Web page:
True, my young Warmblood, is trotting individual ground poles and sequences of up to four poles in a row, in both directions at various locations around the arena by now.
It’s great to ask your green bean to work poles out in a field, too, as long as the footing is level.
True also trots individual and sequential poles set between two standards but lying on the ground. He doesn’t touch the poles; he remains straight and centered without reminders from me; he maintains a steady pace through approach, poles, and exit; and he stays calm and relaxed.
That’s what we want.
If you notice small problems as you train your baby to negotiate ground poles, now is the time to correct them. Don’t wait till the poles are three feet high, and then realize that the horse is bulging into your left leg or pulling at the bit.
I love True dearly, but he’s no Wonder Horse—he’s at an advantage because he’s being TAUGHT gradually how to perform these tasks instead of expected to figure them out. Teach your little fellas or fillies the same way, and they’ll master this too.
OK, once you’ve got the basic poles down pat, it’s time for crosspoles. Yay!
For this, you need level cushioned footing to reduce the bone and tendon stress of concussion when your little friend lands on her front legs. You also need two standards and four poles, all in colors that do not blend with the background. In other words, don’t trick your baby with red or green poles set on grass or tan poles set on sand. They’re hard for her to see.
Select a quiet location with a long straight approach and exit. Babies need to see obstacles from a distance, without curving approaches or short exits. We want youngsters to feel there’s plenty of space before, after, and to the sides of each jump. Set a very low crosspole in this location.
I start with each jump cup set at about 12” of height. Each of two poles angles downward from the cups, to form a very low X in the center, maybe 6” off the ground. Be sure your poles will fall freely off the standards if the horse bumps them. We want to set the crosspole for success, so your young horse can learn with good opportunities for reward.
This hop is so low the horse can step over it—he doesn’t need to actually jump off his hind feet yet. Add a ground pole touching the X on both sides, to give the horse a visual aid for distance.
Approaching this tiny crosspole, I focus on maintaining the same steady pace, straight centered approach, and calmness that True has learned for ground poles. He responds well, trotting up and hopping over. He hops even though he doesn’t need to. After a few tries back and forth, he learns there is no need to jump the crosspole; he can simply step over it one foot at a time. That’s an important lesson for this particular horse.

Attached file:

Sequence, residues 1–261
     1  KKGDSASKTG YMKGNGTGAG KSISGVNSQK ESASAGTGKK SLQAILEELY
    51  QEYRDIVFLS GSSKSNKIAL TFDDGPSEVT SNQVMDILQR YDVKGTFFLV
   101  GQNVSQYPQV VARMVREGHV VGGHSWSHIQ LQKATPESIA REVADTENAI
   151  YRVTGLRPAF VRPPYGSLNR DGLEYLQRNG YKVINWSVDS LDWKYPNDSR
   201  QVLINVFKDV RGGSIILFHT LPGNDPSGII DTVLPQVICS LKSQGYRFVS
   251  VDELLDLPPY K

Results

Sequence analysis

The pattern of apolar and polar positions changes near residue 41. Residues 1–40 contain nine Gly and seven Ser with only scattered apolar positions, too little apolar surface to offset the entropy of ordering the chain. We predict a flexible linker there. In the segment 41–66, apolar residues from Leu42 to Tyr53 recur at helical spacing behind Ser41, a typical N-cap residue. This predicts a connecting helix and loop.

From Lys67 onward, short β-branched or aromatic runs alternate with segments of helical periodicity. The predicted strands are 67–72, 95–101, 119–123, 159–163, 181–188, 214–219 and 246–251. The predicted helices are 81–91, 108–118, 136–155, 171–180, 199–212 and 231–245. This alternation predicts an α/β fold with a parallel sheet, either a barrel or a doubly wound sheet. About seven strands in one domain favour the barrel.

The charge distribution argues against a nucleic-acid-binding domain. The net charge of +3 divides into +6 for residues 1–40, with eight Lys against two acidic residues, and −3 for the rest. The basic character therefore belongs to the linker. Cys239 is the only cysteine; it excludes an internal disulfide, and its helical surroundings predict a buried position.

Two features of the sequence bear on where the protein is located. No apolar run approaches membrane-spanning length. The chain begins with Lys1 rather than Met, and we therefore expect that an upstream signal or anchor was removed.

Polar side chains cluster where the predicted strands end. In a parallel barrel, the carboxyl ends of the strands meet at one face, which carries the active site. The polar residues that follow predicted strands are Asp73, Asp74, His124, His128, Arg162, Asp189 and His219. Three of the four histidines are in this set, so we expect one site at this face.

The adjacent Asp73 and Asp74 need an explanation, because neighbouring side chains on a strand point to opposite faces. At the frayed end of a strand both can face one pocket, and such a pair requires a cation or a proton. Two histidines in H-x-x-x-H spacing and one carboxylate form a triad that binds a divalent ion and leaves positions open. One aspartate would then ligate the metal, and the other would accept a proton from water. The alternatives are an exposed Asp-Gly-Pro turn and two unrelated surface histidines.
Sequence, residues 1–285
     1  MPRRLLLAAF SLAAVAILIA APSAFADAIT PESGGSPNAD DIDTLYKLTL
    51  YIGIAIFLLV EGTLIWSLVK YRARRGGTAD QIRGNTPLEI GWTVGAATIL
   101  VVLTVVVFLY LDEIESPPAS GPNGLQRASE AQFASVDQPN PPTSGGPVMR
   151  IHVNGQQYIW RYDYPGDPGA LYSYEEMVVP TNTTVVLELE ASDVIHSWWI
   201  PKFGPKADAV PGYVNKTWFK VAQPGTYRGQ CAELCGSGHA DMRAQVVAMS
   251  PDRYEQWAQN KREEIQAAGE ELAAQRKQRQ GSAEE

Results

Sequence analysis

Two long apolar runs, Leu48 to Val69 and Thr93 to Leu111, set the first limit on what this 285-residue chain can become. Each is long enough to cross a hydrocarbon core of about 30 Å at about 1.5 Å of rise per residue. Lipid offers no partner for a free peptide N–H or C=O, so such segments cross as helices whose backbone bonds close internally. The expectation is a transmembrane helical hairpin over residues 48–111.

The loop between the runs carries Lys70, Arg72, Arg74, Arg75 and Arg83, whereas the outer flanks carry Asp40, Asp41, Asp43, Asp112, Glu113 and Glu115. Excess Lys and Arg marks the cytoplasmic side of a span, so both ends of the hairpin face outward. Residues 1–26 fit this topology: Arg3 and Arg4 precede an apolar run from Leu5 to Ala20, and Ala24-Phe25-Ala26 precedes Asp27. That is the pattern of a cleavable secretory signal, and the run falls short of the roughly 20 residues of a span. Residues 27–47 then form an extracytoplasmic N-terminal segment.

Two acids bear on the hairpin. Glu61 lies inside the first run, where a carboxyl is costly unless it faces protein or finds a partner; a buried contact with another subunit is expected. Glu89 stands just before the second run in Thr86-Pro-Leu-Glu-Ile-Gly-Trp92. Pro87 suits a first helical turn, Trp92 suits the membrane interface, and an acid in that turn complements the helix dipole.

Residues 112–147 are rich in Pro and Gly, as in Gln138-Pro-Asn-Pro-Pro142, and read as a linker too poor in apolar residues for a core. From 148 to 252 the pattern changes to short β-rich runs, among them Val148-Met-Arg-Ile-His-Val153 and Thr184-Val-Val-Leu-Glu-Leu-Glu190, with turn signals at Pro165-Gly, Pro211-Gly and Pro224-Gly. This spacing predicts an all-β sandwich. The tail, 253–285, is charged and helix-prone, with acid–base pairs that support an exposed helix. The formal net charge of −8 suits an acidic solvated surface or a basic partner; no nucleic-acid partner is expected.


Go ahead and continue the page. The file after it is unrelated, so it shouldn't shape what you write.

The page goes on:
For most horses, I raise the crosspole a few inches after only three or four successful efforts on the tiny beginner hop, so they learn to jump over instead of stepping over. This is especially true for horses I am retraining from ranch or trail work in which they learned to step slowly over 2’ poles or branches one foot at a time.
But you’ll recall from my article a few weeks ago that True has a tendency to stand back, look down at a jump, crack his back, and LEAP to high heavens over a single pole raised off the dirt by only 3”.
So, for True, I stick with the tiny crosspole for several days. I’m not drilling, because that’s not the most effective way for a horse’s brain to learn. So when I say that we work on this hop for “several days,” please note that each try is interspersed with many other tasks that he knows but needs to practice—canter departs, rounding, halting, backing, figure eights, transitions, bending around my leg, passing scary locations in the arena, behaving well with other horses nearby, and so on.
When True consistently trots the tiny X one foot at a time, I raise the crosspoles a few inches. With a helper on the ground, you can easily trot your baby back and forth at the 12” cup height, then raise the cups by 3”, successively jumping back and forth with each increase.
Soon, you’ll have the cups at about 24”, making the center of the X about a foot above the ground. Your horse will jump off her hind feet to clear the fence. She’s jumping!
Don’t go past a 24” cup height for crosspoles at this early stage, but feel free to change the location, pole colors, or direction of approach on a random basis. (If you’re riding a pony, reduce maximum cup height accordingly.)
Remain alert for small things that might go wrong. We don’t want babies to get inconsistent in their trot pace or nervous on the approach or exit from a jump. They shouldn’t be drifting to either side. They definitely should not be stopping or trying to evade a crosspole.
If any of these things begin to occur, go back to an easier step. Take it easy, a little bit every other day, with lots of non-edible rewards for good behavior.
Every horse is unique and must be trained according to his own temperament and tendencies. This is one of the hardest training lessons to learn. We tend to assume there must be a way—One Right Way—to train horses. But in fact, there are many ways, depending on the particular horse-and-human team.
True spends a lot of time stepping over low jumps from a walk because he is so exuberant about being airborne. Another horse might never be asked to walk over a low jump, because she needs to become animated enough to pick up her feet and fly a little.
Pack a bunch of training tools in your kit, then select the ones your particular horse needs.
Brain-Based Horsemanship is a weekly column that chronicles Janet Jones, PhD, and her journey with True, a Dutch Warmblood she trained from age three using neuroscience best practices. Read more about brain-based training in Jones’ award winning book Horse Brain, Human Brain.
A version of this story originally appeared on janet-jones.com. It is reprinted here with permission.